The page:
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Algonquin Park has moved?

Facebook posted this news story the other day:

One wonders why they used a photo of downtown Ottawa to head a story about an event in Algonquin park! That’s not Highway 60, it’s Rideau street. Note the Château Laurier right there behind the police cruiser.


Image capture from Facebook.com

All the Walmarts

The news has been all about how two suspected murder suspects were caught at the Walmart just a few kilometres from where I live. I’m amused by the CBC News because they’ve been reporting the suspects were apprehended at a Niagara Falls Walmart, as if there is more than one Walmart in Niagara Falls.

There isn’t.

Evan, we hardly knew you

Evan Solomon really blew it. In addition to his duties on CBC News’ Power & Politics, and CBC Radio’s The House, it seems he’s been directing the people he meets and interviews to a friend who runs an art business. For this service, Solomon received 10% of any sales resulting from his referrals.

CBC News editor in chief Jennifer McGuire said, “he assured us, this could not in any way conflict with his work for CBC News.” Honestly, either she’s not being truthful, or is naive to the point where she must have difficulty functioning in society.

On The National this evening, CBC President Hubert Lacroix said there is a zero tolerance to violating journalistic ethics, so Solomon had to go. I agree that Solomon had to go, but zero tolerance? Why is Amanda Lang still part of the news team?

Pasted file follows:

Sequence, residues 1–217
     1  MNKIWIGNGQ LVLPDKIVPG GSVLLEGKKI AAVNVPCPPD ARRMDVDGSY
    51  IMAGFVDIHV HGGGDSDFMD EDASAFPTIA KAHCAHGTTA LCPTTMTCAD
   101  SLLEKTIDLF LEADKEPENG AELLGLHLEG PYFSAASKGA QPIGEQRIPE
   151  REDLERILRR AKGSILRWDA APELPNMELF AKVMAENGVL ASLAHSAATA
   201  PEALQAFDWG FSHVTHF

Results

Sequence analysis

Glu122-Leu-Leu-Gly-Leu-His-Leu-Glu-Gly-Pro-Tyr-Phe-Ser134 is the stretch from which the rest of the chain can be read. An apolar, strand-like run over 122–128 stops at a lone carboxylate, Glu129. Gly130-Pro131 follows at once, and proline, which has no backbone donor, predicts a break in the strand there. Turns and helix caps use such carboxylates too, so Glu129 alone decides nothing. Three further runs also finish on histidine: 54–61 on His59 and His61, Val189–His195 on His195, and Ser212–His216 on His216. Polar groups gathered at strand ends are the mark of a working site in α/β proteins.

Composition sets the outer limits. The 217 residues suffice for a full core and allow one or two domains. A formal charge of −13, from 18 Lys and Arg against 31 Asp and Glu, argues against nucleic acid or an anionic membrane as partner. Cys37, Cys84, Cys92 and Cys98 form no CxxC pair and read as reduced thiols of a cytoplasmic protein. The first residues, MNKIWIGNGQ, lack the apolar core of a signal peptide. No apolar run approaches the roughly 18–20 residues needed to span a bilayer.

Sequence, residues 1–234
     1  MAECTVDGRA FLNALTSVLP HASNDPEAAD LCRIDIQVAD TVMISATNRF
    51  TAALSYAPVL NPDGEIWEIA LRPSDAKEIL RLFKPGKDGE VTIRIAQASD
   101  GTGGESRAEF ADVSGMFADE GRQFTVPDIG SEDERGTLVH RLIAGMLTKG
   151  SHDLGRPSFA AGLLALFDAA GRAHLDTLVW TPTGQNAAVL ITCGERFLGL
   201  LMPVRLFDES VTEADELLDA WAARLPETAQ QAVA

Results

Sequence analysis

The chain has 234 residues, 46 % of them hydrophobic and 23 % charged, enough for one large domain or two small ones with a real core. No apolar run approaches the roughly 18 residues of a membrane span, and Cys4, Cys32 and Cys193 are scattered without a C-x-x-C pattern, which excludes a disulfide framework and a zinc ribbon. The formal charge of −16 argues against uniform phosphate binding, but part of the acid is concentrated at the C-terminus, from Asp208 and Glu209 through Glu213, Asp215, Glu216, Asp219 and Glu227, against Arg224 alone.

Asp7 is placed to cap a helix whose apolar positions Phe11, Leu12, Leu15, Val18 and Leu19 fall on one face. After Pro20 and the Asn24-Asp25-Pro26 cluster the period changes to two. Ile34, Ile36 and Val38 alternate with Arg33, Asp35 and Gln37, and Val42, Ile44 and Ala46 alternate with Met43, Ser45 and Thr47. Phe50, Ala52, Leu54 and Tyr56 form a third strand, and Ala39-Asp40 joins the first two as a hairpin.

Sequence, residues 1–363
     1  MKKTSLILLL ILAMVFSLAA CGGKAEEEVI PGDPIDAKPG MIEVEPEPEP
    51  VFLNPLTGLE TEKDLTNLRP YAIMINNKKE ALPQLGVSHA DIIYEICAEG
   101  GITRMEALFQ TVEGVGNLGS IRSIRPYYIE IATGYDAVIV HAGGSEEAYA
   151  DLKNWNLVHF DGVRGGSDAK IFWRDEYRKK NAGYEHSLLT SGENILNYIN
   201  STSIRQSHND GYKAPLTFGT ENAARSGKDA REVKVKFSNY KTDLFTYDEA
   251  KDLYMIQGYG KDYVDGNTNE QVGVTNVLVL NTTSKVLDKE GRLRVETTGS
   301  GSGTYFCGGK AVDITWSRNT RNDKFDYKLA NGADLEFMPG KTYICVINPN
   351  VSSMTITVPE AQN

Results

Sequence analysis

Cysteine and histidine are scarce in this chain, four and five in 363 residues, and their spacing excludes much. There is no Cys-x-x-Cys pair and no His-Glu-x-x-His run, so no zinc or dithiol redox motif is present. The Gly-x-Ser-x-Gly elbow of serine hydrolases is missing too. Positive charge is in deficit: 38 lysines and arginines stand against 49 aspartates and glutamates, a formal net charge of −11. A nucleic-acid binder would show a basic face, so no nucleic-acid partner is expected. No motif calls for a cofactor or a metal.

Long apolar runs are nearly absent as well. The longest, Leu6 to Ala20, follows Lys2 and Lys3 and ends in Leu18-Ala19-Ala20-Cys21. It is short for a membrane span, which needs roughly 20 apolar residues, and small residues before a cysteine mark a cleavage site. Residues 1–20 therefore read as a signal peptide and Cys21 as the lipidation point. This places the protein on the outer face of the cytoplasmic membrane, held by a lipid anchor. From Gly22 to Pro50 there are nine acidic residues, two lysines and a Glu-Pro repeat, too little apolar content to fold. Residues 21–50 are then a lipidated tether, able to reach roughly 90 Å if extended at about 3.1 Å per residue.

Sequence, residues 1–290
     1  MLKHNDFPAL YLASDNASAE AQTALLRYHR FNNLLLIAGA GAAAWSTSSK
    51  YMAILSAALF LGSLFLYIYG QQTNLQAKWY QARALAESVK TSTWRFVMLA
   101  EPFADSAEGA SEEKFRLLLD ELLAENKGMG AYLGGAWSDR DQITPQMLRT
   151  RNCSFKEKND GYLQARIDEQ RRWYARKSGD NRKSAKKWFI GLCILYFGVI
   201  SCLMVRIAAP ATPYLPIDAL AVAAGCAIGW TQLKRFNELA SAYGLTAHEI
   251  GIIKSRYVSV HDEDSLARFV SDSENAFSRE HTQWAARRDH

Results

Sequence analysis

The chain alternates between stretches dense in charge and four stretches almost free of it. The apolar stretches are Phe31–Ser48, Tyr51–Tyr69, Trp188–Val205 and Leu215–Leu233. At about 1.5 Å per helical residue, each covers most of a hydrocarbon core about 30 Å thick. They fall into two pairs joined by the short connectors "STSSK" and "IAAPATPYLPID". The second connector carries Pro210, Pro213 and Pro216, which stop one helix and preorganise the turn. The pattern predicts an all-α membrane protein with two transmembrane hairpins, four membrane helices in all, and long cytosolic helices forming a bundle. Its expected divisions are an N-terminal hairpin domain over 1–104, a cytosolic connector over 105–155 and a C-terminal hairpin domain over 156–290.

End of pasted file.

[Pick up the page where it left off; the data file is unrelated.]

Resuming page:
You can’t refer people you interview to an art dealer for profit, but you can be intimately involved with a bank board member, and try to have the content of stories about that bank changed even though the story isn’t yours? That’s okay?

They had Solomon out the door within 24 hours of this info coming out, and Lacroix really wants to be seen as running a tight ship, but something stinks in CBC-land.

Welcome to the sidelines

My MP … he’s something else. In case you haven’t been following along, my Parliamentary representative is Rob Nicholson. He was Minister of National Defence until recently, when the Prime Minister assigned him the Minister of Foreign Affairs portfolio. I cringe at the thought that he’s our face to other nations, but I suppose he was given this portfolio because he’s well behaved. All that I’ve seen leads me to believe that he’s an empty shirt as my MP, and while that’s far from ideal for the person in charge of foreign affairs, I suppose it’s better than a bull in a china shop. I’m trying to see the bright side.

Last week, he tweeted something I found astonishing:

It sounds like a call to arms given that the folks in ISIL aren’t the talkative types. Still, I don’t know what the man’s thinking so I asked in reply.

You can guess what happened. Exactly nothing. So Monday, I wrote to him directly, via e‑mail. Receiving no answer, I wrote again today reminding him that I’m waiting for a reply. I also suggested that I thought this would be an easy question. Surely the Minister wouldn’t post such a thing without at least having a course of action in mind.

I’d hate to think it was merely the Twitter equivalent of a sound-bite that he expects will be quickly forgotten.

CBC News is a joke

On The Sunday Edition this morning, host Michael Enright sat down with Stéphane Dion, the Liberal critic for Canadian Heritage, to discuss the Liberal vision for the CBC. What struck me is Enright’s introduction to the story. He brought up the dilemma of how the CBC should report on itself.